Thursday, May 2, 2013

When Less is More

Have you wondered about the after-life? Of course we have our tradition about what happens after we die. Our souls live on in spriritual ecstasy awaiting 'techiyat hamaitim', the resurrection of the dead, when they will again inhabit their bodies.The after-life is personal. Individual identity continues after death. When I was young I was fascinated by the concept of the after-life in Eastern traditions. According to their beliefs when the soul dies, if it has fulfilled its destiny in this world, it loses its individual identity and becomes one with the great universal soul in heaven. To die, in the best situation, is to lose one's "I" and instead become part of the "We". I remember thinking "and this is a good thing?" I mean, would I want to no longer be me, lose all sense of a personal identity? Can that be something I would look forward to? And what about the ones I love. I would then not meet them in heaven. Can that be an ideal end to existence?

For most of us, what we treasure most is our "I". The thought of losing that "I" is frightening. When we are in a situation in which we feel swallowed up in a crowd we fight to assert our personal selves. Its nice to be "we" in the moment. But never at the cost of losing our "I".

We are soon to celebrate the chag of Shavuot. The end of next week will usher in the new month of Sivan, the month of the holiday. The Torah tells us that on the first of Sivan the Israelites came to the Desert of Sinai. It references the People's encampment in the singular form. Literally it read "And he camped opposite the mountain". The Sages point out that this encampment was like no other in Israel's wilderness experience. Whereas all other encampments were frought with strife and conflict, here all Israel was as one. They were "as one person with one heart".

Now I wonder the same wonder I had when I learned about the Eastern concept of the after-life. Is this a good thing that all Israel was as one person with one heart. Is this "we'ness" the ideal? What about each person's need to feel their "I"? What about our uniqueness?

Last Shabbat I was in Meron. Saturday night was Lag Ba'Omer. Near 500,000 Jews would come between Saturday night and Sunday eve from all over Israel to visit the grave of Rabbi Shimon bar Yochai on his yahrzeit. At the 'kever' Saturday night a flame was lit. As the fires soared heavenward there commenced a night full of spiritual dancing and inspiration. Because I was there for Shabbat I was able to be close to the setting for the lighting of the fires. I stood together with some 15,000 mostlty Hassidim in their shtreimlich and waited more than two hours in prayer and devotion for the magic moment of the lighting of the flame. The atmosphere was reverential and intense.
Prayers were on everyone's lips. And then the Boyaner Rebbe lit the fire. The music began. And the throng become alive with a flame of their own, one of joy and exultation. Everyone was jumping up and down in their place. The words of the melodies were sung with exuberance and repeated over and over. There was no "I" in that setting. Each person surrendered self to the majesty of the moment. There was only a "we". Yet that 'we' brought life to all who comprised it as they never felt in their singular "I" no matter how compelling the moment.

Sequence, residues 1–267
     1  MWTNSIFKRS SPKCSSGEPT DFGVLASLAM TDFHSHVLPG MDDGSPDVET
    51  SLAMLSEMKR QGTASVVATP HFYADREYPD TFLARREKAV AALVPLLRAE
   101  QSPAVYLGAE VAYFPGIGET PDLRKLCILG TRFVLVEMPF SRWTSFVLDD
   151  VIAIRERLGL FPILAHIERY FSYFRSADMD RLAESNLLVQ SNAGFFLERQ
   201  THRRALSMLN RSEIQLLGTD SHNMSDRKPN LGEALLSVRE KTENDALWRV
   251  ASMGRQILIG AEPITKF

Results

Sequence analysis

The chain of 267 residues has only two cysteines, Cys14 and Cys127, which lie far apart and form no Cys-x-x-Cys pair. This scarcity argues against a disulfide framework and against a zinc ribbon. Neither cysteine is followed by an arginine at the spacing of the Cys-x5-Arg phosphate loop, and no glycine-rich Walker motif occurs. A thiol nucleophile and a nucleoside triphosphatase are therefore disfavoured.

The "I" was dead in those moments. All there was was the "we". And life was never more beautiful.

It was interesting for me to see that the inspiration led to some circles being formed. Those jumping up and down in inspired response to the moment remained in the stands. They did not feel the need to join the circles. They were at one with those in the circles. "We" were dancing, wherever we were. Yes, there were a few who seemed to need to make a personal statement in their enthusiasm. They felt the need to enter the middle of the circles and dance to express there "I". How awkward they appeared and how pitiable. They could not lose themselves and needed to make this holy time a time of self expression. They did not realize that their need to occupy the center,cost them the most precious gift. They lost the gift of the moment, the gift of the "we".

One of the great mystical disciplines is called 'hisbatlus', self nullification. The work involves learning to minimize oneself until one has a little ego as possible. At one level it seems such a difficult effort, to make oneself small and inconsequential, to surrender one's "I". Yet in Meron at the kever of Rabbi Shimon bar Yochai I came to realize that those who practice the discipline of 'hisbatlus' are not in reality giving up anything. Rather they are gaining a powerful spiritual gift. When they 'kill' therir ego they make possible the sense of oneness with Israel our People, and with Hashem and His world. 'Hisbatlus' is a path to joy, a supreme joy. The work of ego nullification is the only way to get there!

When our ancestors came to Sinai they experienced the unique sense of 'hisbatlus'. They lost themselves, but for a net gain!
They became one whole! That oneness made the revelations at Sinai possible. Each Israelite felt an inspiration and ecstasy but only by surrenedering his/her "I".

The lesson here is oh so compelling. The path to joy is not as we imagine by enlarging our ego or enhancing our self. On the contrary, the path to true joy is losing one's need to self expansiveness so as to become part of the universal and the G-dly.
Being nothing is indeed the path to acquiring everything!

How sad that so many waste their lives traveling in the wrong direction in search of the treasure.

The lesson of Sinai, the lesson of Meron, the lesson of all those who know the secret of happiness, is that real joy is attained in unity.
And real unity is attained when we surrender our "I" .

Shabbat Shalom
Chag Smayaich

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